William Jones, one of the greatest linguistic prodigies of the eighteenth-century, thoroughly fluent in English, Welsh, Greek, Latin, Persian, Arabic, Hebrew, and Sanskrit, was through the influence of his patron, the Earl Spencer (Jones had been tutor to his son), appointed in 1783 to the lucrative office of a judge on the Supreme Court of Judicature at the East India Company’s settlement, Fort William, in Kolkata.
The arrival in India of this established scholar, who was also a qualified lawyer, led to the establishment of the Asiatic Society in 1784. Explaining the origins of the Asiatic Society, Sir William Jones wrote:
‘When I was at sea last August, on my voyage to this country, which I had long and ardently desired to visit, I found one evening, on inspecting the observations of the day, that India lay before us, and Persia on our left, whilst a breeze from Arabia blew nearly on our stern. A situation so pleasing int itself, and to me so new, could not fail to awaken a train of reflections in a mind, which had early been accustomed to contemplate with delight the eventful histories and agreeable fictions of this eastern world. It gave me inexpressible pleasure to find myself in the midst of so noble an amphitheatre, almost encircled by the vast regions of Asia, which has ever been esteemed the nurse of sciences, the inventress of delightful and useful arts, the scene of glorious actions, fertile in the productions of human genius, abounding in natural wonders, and infinitely diversified in the forms of religion and government, in the laws, manners, customs, and languages, as well as in the features and complexions of men. I could not help remarking, how important and extensive a field was yet unexplored, and how many solid advantages unimproved; and when I considered, with pain, that, in this fluctuating, imperfect, and limited condition of life, such inquiries and improvements could only be made by the united efforts of many, who are not easily brought, without some pressing inducement or strong impulse, to converge in a common point, I consoled myself with a hope, founded on opinions which it might have the appearance of flattery to mention, that, if an any country or community, such a union could be effected, then it was among my countrymen of Bengal, with some of whom I already had, and with most was desirous of having, the pleasure of being intimately acquainted.’
Jones’s enthusiasm for finding out about other people’s languages, literature, religion, arts and society was driven in part by the Enlightenment’s thirst for pure knowledge and the expectation that discovering such would lead, rationally, to improvement in the lot of human existence. It was allied to different Romantic ideals (strong in Jones as a Welshman) that sought to explore the emotions and to bring together universal human experiences: all would benefit about knowing each other. Jones’s Asiatic Society in Kolkata was to make a distinctive contribution to the furtherance of knowledge and understanding about Asia, and much was brought to a wider public for information and criticism through its meetings and publications. Jones himself was a prolific researcher and his collected works, published posthumously in eight quarto volumes, brought together much of his own learning. His Asiatic Society became the model for other similar organisations in India and abroad: the Royal Asiatic Society of Great Britain and Ireland founded in London in 1823 was one such.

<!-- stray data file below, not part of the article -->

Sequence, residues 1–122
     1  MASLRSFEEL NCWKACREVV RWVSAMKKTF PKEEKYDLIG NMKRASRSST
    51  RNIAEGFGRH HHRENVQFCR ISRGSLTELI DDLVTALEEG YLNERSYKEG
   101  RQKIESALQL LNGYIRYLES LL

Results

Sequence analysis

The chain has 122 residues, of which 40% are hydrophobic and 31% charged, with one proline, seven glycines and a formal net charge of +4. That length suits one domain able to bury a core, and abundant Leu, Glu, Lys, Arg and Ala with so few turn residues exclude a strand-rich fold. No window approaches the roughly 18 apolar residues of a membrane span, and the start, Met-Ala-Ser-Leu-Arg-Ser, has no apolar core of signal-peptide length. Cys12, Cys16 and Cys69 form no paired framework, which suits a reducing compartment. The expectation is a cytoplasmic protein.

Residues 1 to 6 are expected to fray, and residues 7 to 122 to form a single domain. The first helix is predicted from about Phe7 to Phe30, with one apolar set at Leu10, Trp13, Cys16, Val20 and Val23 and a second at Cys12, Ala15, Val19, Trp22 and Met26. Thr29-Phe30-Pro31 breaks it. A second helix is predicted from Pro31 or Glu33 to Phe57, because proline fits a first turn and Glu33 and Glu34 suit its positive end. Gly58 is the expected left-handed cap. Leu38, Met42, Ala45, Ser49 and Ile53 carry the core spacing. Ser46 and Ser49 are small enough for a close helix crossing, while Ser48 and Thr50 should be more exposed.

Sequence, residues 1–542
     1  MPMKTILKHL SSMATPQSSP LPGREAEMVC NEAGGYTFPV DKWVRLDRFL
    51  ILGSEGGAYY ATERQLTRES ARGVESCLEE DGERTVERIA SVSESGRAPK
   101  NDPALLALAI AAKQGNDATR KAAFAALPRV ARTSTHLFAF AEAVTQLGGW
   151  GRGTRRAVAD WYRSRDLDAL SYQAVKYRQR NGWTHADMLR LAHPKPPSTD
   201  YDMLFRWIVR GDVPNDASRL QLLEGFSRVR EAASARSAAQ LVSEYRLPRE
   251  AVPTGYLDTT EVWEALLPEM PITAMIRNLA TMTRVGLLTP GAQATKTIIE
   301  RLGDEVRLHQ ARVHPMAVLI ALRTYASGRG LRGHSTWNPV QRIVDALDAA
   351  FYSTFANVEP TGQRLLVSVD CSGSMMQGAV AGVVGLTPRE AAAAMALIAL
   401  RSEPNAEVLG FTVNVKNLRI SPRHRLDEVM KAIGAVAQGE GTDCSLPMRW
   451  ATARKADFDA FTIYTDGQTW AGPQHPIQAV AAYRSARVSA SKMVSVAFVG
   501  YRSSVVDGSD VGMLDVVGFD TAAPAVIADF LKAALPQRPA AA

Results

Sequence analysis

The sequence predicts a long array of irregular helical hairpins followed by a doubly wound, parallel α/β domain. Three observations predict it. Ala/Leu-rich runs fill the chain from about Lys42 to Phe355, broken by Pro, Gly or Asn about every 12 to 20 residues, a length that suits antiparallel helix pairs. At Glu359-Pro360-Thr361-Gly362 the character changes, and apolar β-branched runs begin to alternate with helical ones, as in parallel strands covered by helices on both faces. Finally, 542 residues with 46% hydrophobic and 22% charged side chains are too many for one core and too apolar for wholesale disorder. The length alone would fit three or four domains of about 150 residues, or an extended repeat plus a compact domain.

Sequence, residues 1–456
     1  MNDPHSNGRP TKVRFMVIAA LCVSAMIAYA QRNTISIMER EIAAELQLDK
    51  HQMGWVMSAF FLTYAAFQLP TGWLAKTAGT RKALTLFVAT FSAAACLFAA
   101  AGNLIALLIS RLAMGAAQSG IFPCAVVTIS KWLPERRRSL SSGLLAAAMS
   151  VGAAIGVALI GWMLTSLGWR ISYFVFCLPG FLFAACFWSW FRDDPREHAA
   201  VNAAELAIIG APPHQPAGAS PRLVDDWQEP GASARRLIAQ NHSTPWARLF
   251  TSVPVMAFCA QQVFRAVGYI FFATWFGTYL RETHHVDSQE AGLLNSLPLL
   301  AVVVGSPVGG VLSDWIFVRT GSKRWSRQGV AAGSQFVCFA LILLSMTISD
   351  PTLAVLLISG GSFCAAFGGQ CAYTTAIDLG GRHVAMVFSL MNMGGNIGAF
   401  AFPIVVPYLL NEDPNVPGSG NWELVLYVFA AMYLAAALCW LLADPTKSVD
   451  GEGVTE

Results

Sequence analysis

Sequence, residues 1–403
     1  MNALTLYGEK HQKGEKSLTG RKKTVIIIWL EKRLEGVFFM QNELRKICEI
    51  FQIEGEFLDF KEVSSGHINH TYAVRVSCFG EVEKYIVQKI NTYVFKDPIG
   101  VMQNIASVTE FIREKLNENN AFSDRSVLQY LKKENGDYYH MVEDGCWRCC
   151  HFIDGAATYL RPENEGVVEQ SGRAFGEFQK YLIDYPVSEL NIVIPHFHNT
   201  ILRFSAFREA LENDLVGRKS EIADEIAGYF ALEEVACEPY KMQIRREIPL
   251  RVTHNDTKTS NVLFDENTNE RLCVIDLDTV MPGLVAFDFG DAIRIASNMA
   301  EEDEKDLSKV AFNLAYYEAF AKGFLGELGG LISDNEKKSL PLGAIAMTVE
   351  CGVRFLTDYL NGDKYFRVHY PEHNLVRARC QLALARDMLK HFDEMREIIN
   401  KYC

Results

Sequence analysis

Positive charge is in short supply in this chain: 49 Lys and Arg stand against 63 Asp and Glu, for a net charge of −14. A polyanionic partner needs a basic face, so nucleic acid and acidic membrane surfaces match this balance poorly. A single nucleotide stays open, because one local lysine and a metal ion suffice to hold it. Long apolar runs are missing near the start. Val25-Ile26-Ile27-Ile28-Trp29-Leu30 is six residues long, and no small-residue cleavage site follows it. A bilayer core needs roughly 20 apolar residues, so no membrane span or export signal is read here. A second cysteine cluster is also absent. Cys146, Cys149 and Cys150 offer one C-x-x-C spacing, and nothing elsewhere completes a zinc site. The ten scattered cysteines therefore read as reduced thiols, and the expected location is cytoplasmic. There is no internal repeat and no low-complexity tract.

As the RAS approaches its 200th Anniversary, we are delighted to have been given by Dr Michael Loewe a set of the first edition of Jones’s Collected Works, together with the supplementary volume of his Life, written by Lord Teignmouth. Although the Society has a later editions of Jones’s work, the Library lacks the rare first edition. Dr Michael Loewe’s magnificent gift is, therefore, particularly welcome.
Michael inherited this set of books from his father, Herbert Loewe (1882-1940), a distinguished scholar of Semitic languages and Jewish culture. Herbert, who had graduated from Queens’ College, Cambridge, was successively lecturer at Exeter College, Oxford and from 1931 until his death, Reader (ie senior research professor) in Rabbinics at the University of Cambridge. During the First World War he was sent to India to assist with handling supplies. He became fascinated by India (and did much work on Jewish communities in South Asia which has, alas, been lost) and in 1931 became a Fellow of the RAS. Michael remembers the Journal coming into their home in Cambridge and noting that although the content then was overwhelmingly Indian in its subject matter it was eagerly read by his father, though far as it was from his own main intellectual interests.
To mark Dr Loewe’s very generous donation and to celebrate the legacy of Sir William Jones, the Society will formally receive the Collected Works on Thursday 12 January 2023 – the start of the Anniversary Year – at 6.30pm. Professor Javed Majeed FBA (King’s College, London) will deliver a lecture on Jones and his contribution to scholarship. All are welcome.
Dr Gordon Johnson